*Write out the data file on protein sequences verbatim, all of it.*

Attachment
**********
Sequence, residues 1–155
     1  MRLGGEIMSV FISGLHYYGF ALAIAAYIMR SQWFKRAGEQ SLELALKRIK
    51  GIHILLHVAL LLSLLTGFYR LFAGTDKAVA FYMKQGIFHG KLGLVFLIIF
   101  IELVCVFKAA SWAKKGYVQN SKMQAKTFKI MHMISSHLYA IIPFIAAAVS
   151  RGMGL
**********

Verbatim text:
Sequence, residues 1–155
     1  MRLGGEIMSV FISGLHYYGF ALAIAAYIMR SQWFKRAGEQ SLELALKRIK
    51  GIHILLHVAL LLSLLTGFYR LFAGTDKAVA FYMKQGIFHG KLGLVFLIIF
   101  IELVCVFKAA SWAKKGYVQN SKMQAKTFKI MHMISSHLYA IIPFIAAAVS
   151  RGMGL